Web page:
Mahajan a Sanskrit term meaning 'a great man'. But technically, it applies to a merchant, a dealer, a banker, a money changer, and a moneylender of colonial and pre-colonial Bengal. Even today the term has a wide range of applications. In Bengal social and economic history mahajan has a relative meaning. The owner of means of production and distribution is a mahajan in relation to one having subordinate role in the process. A weaver is a mahajan in relation to others if they enter into a subordinate relation with him by borrowing his tools or space or any other means of production and distribution from him. A grocer has a mahajan if his business depends on the loans from him. All creditors were mahajans in the colonial and pre-colonial times. Creditors are called mahajans even today.
But formerly the term mahajan was most appropriately applied to people hereditarily engaged in money changing and money lending. Before the introduction of token currency in the late nineteenth century, Bengal monetary system was characterized by the presence of many kinds of currencies which were standardized to one single legal currency through an intricate system of batta. The batta market was controlled by the banians and mahajans. In fact, banians were also called mahajans. Besides controlling the batta market, mahajans also bought and sold bills of exchange. Revenue collections were regularly transmitted from the mofussil to the sadar or headquarters or to other district authorities by bills of exchange. The inter-district merchants settled their accounts mostly through the intermediation of mahajans who bought or sold bills of exchange on their behalf.
Besides the bills of exchange and batta markets, the mahajans also controlled the agricultural credit market. In the pre-colonial era, the raiyats used to receive takavi at times of distress caused by natural calamities and there was also the system of remission of rent on the part of zamindars. But the system of takavi and remission of rent was discontinued during the British era. In the absence of institutional credit system, the raiyats had no other alternative but to borrow money from mahajans. In the nineteenth century, most landholders also practiced mahajani business. They lent agricultural loans to their raiyats and collected them with interest along with the rents. This practice had also enhanced their control over the tenantry.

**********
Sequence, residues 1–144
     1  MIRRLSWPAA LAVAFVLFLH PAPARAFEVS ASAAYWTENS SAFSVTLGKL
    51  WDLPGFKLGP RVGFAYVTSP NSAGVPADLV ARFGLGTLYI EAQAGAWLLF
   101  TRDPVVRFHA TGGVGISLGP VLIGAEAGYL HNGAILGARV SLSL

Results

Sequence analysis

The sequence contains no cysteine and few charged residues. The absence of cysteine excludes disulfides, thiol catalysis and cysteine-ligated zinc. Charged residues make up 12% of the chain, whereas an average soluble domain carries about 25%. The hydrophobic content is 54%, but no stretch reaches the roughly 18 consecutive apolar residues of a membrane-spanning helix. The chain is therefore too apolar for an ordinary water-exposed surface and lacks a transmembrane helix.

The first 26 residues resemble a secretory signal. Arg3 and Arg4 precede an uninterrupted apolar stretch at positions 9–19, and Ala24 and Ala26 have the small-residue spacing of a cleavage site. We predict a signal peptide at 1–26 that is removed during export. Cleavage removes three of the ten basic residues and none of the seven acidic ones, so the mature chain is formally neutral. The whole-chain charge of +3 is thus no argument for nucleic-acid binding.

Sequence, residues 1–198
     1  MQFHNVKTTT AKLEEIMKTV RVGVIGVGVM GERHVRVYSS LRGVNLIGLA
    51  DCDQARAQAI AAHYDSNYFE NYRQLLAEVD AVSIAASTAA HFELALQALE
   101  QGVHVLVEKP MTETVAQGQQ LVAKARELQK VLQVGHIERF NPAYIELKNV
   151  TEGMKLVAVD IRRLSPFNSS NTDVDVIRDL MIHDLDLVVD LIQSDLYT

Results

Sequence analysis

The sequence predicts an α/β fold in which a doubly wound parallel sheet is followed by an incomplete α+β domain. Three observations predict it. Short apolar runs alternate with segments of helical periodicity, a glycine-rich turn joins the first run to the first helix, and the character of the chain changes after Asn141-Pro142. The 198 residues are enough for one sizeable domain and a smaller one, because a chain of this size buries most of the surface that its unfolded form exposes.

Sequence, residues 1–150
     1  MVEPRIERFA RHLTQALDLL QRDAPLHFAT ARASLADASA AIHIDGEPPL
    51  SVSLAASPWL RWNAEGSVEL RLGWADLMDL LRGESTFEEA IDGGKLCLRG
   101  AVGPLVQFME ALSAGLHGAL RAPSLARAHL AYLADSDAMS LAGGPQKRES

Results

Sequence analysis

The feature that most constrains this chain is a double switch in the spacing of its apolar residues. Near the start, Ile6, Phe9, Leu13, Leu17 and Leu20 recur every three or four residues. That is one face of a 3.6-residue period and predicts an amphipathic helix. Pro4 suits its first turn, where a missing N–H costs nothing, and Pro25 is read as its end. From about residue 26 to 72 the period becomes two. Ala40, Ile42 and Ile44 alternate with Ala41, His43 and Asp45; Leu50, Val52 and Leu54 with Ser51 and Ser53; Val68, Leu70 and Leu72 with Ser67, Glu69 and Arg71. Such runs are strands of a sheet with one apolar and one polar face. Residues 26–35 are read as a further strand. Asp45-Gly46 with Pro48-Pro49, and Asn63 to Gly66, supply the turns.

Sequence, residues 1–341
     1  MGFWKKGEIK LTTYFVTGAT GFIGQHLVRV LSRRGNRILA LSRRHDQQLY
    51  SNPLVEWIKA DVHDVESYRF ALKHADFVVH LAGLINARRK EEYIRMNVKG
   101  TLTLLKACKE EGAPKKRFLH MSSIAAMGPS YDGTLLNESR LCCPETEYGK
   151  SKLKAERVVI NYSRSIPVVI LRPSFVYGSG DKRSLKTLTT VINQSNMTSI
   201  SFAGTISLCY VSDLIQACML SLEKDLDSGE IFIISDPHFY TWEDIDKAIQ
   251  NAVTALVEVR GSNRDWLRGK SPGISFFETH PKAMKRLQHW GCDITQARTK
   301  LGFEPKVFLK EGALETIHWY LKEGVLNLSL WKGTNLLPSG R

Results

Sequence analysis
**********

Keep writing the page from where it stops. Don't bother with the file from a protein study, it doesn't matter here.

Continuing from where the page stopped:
The increasing commercialization of agriculture under the British regime had caused a shift of Bengal agriculture from subsistence economy to that of the market. Such a shift was mainly responsible for increase in the volume of rural indebtedness and the consequent preponderance of the mahajan class in the society and economy of Bengal. The mahajani dominance reached its peak in the early twentieth century when the larger segment of the rural economy is said to have been irretrievably mortgaged to mahajans. The money market shrank due to the Great Depression of the 1920s and early 'thirties and it led to the rural indebtedness to all time high. Then the Bengal peasantry in general got indebted to mahajans. The government tried to overcome the crisis by enacting Bengal Moneylenders Act (1933) and Bengal Agricultural Debtors Act (1935). debt settlement boards were established in every union of Bengal districts under the Bengal Agricultural Debtors Act. The mahajans and debtors were called in before the boards, which tried to settle debts by scaling down the accumulated dues from debtors. Bengal Moneylenders Act was amended in 1940 in order to make it more effective as regards relieving the indebted peasantry.
Mahajani as an institution in Bangladesh society and economy declined during Pakistan period and further declined since the emergence of Bangladesh as an independent state. Now the state policy of creating large scale institutional credit facilities and the participation of NGOs in the rural uplift and development of human resources, and most importantly the micro-credit programmes of the grameen bank 'and' BRAC as well of the government have made the traditional mahajani institution obsolete. [Sirajul Islam]
See also informal credit.